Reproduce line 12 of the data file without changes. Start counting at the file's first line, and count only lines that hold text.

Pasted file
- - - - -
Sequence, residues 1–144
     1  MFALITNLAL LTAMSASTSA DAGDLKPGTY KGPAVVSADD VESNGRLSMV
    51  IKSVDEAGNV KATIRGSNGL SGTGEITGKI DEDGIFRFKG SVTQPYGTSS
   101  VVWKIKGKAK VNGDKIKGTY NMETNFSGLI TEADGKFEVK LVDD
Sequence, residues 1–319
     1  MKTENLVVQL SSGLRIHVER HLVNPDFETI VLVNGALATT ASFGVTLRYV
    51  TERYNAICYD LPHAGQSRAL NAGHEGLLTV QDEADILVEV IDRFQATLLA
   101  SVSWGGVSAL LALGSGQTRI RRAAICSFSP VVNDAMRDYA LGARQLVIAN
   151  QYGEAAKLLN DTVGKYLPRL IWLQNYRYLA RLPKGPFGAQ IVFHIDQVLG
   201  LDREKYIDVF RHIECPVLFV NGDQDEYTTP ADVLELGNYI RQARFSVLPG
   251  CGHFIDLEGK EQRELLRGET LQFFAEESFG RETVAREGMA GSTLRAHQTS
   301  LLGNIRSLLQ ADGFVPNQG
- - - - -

   301  LLGNIRSLLQ ADGFVPNQG